**Disclaimer: This will be an unusual blog about Ramadan, written by a former “good Catholic girl”, who does not consider herself religious, but feels strong ties with the Divine through all religions in the world. This post records my own personal second-hand experiences of Ramadan through the eyes of the woman I was when I was married to a Muslim man.**
Ramadan is a holy month of fasting, introspection and prayer for Muslims, the followers of Islam. This year, it began at sunset on Monday, April 12, and will end at sunset on Wednesday, May 12.
Like I said above, I’m not Muslim. My parents gave me a Catholic upbringing. They’re not practicing Catholics themselves, so I always felt I was on my own journey, exploring my own relationship with the Divine or Source. I felt strong ties to the Source and it manifested itself in some vague memories of other altered state of consciousness, so my relationship with the world was bit reserved and inquisitive, especially in my younger years. I felt that God was loving, that we’re rotted in that love, and that despite our “good” or “bad” deeds, God was forgiving and not punishing.
As I grew older, I felt that Catholicism had never really spoken to me. Personally, many of its doctrines made me raise my eyebrows: The Bible’s many references to both a “loving God” and “angry God”, the paradoxical idea of a “Holy Trinity” where God is his own Father, Son and Holy Spirit, the body being viewed as a source of all evil, to the point that Jesus was the result of “immaculate conception” because Mary was a virgin, “pure and without sin”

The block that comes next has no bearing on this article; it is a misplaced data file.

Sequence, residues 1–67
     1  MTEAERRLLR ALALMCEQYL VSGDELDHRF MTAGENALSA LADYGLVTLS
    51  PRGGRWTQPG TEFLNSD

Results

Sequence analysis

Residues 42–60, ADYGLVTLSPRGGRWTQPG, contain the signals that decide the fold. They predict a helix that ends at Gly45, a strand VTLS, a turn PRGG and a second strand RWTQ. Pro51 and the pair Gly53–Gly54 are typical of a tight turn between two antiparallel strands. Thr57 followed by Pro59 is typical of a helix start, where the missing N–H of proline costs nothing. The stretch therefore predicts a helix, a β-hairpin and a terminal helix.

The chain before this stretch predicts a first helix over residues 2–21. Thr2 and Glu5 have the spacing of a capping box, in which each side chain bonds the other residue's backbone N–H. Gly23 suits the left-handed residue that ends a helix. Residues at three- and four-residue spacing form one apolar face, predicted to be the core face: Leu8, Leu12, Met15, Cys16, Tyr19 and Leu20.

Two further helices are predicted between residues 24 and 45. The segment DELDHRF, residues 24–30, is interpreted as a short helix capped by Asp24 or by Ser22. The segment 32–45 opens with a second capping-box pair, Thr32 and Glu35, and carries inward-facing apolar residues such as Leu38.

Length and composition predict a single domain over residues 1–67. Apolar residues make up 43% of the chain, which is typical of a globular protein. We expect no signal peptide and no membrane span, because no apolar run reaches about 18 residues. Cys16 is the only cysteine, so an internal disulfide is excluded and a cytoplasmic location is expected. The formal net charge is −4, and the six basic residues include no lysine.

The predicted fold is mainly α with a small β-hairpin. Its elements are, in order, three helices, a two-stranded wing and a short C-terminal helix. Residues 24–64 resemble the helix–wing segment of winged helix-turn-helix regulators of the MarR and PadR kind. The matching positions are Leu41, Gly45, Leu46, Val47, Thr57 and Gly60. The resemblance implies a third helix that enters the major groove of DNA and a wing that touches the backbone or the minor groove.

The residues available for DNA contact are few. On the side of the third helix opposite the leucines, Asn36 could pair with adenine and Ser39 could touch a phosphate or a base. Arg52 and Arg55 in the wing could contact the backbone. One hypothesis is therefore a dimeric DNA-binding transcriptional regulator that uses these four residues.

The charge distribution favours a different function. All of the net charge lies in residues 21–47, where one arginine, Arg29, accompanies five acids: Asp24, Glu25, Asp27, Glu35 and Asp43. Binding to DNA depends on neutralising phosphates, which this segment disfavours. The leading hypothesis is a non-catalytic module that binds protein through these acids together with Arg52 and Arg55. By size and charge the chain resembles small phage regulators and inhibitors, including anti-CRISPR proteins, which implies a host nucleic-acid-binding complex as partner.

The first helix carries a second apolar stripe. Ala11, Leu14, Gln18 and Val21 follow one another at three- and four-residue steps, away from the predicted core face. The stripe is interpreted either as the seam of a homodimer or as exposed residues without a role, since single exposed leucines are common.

As I got older, I started questioning the very presence of the Catholic Church in my life.
In September 1986, I left my home in Poland and moved to London, U.K. This was the start of my journey into adulthood. I severed my ties with the Catholic Church at around that same time and have never looked back.
Very soon after arriving in the U.K., I met my now-ex-husband, Karim Mohammed. He was Spanish-Moroccan and Muslim. Although we’re no longer married, we spend about five years of our lives together.
Like all Muslims, Karim observed Ramadan, I still recall how important his religion was to him, particularly around Ramadan. We were very young then. We didn’t discuss our religions, except perhaps to occasionally compare notes about Islam and Christianity. I found so many similarities between these two religions, I could hardly tell there was any difference. I felt we were connected to the same Source, despite our religions. Just like all roads lead to Rome, all religions lead to God.
I think that concept of oneness brought me closer to my husband at the time, even though we came from very different cultural and ethnic backgrounds. I was born in Russia and carried that Russian nationality into adulthood, but in my heart I felt Polish. Perhaps this complex/loose Polish identity and my early experiences helped me to understand we are not the labels others may give us at birth.